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Trish Fisher (MPP/MPH ‘23) awarded Peter Eckstein Prize for her examination of food systems and climate policy

May 18, 2022

Trish Fisher’s (MPP/MPH ‘23) paper, “The ‘Dark Horse’ of Climate Change: Agricultural Methane Governance in the United States and Canada,” earned her the 2022 Peter Eckstein Prize for Interdisciplinary Research. The Eckstein Prize is the Ford School’s top award for interdisciplinary research by a student or team of students.

Fisher’s work examines agricultural methane governance in the U.S. and Canada—two of the world’s largest producers, consumers, and exporters of livestock and animal source food products. Fisher’s exploration into this issue began as an independent study with professor Barry Rabe, and her paper was developed as part of the Ford School’s 2020-2021 North American Colloquium on Climate Policy.

Agricultural methane governance is an under-examined and urgent issue, Fisher contends. “Recent research has demonstrated that even if global combustion of fossil fuels were to cease immediately, emissions from the global food system alone would exceed 1.5 degrees Celsius of warming and threaten the preclusion of 2 degrees Celsius of warming by 2100,” she said.

Fisher’s policy analysis found that neither the U.S. nor Canada is considering policy approaches that come close to the changes necessary to avoid this warming.

“We know what the problem is,” Fisher said. “What is unclear is how to change behavior and food system policy. The solutions lie at the intersection of multiple disciplines and there is tremendous scope for both individual behavioral and policy change.”

Ford School writing instructor Alex Ralph, chair of the Eckstein Prize selection committee, commended Fisher’s rigorous interdisciplinary analysis. “Trish exemplifies what the Eckstein Prize is all about. While Trish's conclusions show how much difficult work remains to address methane's role in climate change, her clear-eyed and urgent work helps us understand the nature of the problem—both the science and the politics—in ways we wouldn't have otherwise. Ultimately, her paper is a call to our better angels.”

Fisher’s analysis included a wide-range literature review across multiple disciplines, including agricultural science, civil engineering, veterinary medicine, environmental, energy, climate science, and health and food policy. She drew on political science frameworks for her analysis, while incorporating a wide variety of scientific disciplines to help frame the issue. She utilized economics in her feasibility assessment of mitigation strategies. Finally, she used her public health training to examine ‘demand-side’ mitigation policies such as dietary guidelines.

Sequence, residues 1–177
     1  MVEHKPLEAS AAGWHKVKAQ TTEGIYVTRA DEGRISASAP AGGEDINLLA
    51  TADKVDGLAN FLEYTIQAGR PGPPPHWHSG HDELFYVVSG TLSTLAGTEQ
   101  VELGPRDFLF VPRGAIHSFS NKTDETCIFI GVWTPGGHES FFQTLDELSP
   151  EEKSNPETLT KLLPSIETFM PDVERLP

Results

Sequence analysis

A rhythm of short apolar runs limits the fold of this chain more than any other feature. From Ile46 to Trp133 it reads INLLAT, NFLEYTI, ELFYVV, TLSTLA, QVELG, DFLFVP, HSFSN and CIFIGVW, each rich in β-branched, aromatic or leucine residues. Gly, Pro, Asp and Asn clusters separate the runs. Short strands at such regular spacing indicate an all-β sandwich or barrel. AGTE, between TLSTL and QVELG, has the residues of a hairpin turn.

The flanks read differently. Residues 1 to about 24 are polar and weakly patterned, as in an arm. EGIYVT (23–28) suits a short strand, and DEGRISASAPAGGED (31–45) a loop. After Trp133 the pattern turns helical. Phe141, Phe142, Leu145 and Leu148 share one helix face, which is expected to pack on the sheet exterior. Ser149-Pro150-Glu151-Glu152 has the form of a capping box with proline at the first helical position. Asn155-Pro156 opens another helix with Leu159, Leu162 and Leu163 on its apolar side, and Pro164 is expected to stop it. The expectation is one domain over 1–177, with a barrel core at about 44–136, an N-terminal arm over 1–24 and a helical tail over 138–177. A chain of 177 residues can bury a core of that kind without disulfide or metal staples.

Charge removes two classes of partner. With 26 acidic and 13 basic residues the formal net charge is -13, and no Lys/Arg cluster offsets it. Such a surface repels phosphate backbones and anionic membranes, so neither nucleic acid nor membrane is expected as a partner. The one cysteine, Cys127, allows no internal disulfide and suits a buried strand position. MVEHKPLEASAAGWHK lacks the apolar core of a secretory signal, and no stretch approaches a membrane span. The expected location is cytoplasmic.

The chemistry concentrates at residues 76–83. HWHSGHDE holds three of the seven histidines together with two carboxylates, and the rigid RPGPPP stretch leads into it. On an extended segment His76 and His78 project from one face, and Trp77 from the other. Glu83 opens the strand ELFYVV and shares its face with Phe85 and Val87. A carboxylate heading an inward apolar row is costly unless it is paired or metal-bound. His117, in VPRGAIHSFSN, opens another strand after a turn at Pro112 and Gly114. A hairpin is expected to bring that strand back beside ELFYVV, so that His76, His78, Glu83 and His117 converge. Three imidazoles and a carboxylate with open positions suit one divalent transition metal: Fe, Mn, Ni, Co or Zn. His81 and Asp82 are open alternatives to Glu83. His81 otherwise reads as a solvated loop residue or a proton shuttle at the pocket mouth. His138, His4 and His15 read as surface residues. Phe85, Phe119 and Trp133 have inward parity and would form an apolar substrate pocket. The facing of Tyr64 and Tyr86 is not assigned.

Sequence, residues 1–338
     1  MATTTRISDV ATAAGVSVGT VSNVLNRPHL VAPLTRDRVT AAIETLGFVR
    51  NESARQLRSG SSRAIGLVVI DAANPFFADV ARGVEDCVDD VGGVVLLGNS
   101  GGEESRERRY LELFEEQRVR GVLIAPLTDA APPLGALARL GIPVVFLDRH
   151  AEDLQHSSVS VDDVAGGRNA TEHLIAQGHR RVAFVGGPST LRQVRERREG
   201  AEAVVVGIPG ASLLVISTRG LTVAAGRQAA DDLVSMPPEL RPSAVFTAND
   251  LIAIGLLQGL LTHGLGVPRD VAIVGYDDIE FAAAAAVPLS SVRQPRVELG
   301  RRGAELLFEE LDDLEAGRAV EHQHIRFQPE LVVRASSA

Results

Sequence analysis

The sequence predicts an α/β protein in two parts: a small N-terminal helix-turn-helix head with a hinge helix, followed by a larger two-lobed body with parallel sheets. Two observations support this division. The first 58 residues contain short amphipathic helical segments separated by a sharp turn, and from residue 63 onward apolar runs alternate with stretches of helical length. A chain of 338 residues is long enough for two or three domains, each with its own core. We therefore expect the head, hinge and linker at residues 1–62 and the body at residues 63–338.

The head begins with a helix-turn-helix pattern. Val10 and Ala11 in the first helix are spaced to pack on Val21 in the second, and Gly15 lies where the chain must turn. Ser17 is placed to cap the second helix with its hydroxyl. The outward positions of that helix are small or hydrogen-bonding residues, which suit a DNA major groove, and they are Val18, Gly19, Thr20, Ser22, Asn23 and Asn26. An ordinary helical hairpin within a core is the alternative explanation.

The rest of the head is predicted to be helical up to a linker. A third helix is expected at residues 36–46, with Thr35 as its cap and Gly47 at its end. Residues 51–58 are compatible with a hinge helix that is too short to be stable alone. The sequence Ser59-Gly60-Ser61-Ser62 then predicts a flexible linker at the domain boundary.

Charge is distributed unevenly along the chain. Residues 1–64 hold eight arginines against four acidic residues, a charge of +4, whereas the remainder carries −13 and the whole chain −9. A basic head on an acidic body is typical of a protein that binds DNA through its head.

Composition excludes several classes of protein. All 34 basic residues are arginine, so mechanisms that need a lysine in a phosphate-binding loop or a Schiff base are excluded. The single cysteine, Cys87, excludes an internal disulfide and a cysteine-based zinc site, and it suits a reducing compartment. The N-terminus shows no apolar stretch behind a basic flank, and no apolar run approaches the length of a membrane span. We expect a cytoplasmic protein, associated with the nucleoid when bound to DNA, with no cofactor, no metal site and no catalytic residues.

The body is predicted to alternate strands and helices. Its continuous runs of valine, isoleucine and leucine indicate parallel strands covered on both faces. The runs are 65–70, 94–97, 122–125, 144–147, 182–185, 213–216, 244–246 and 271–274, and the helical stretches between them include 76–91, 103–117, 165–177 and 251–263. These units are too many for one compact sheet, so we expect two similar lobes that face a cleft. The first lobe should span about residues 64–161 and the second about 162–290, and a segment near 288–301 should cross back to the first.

“This is the ultimate test of climate justice and global health equity,” Fisher said. “We have to get livestock methane emissions under control. It is on us, the Global North, to make these changes.”

After graduation, Fisher plans to further explore the intersection of food systems and climate change by pursuing a doctoral degree.

Read more about Fisher’s work here:

About the Eckstein Prize

The Peter Eckstein Prize for Interdisciplinary Research and Policy Analysis is awarded to a Ford School student or group of students whose work exhibits the use of theories, concepts, frameworks, research methods, or other tools from two or more disciplines in researching, analyzing, or furthering understanding of a topic, issue or debate related to public policy, domestic or international. The prize was established in 2019 by a gift from Peter Eckstein (LSA ‘59), a student of both economics and social sciences. Throughout his career he saw the value in combining the two fields to explain economic phenomena.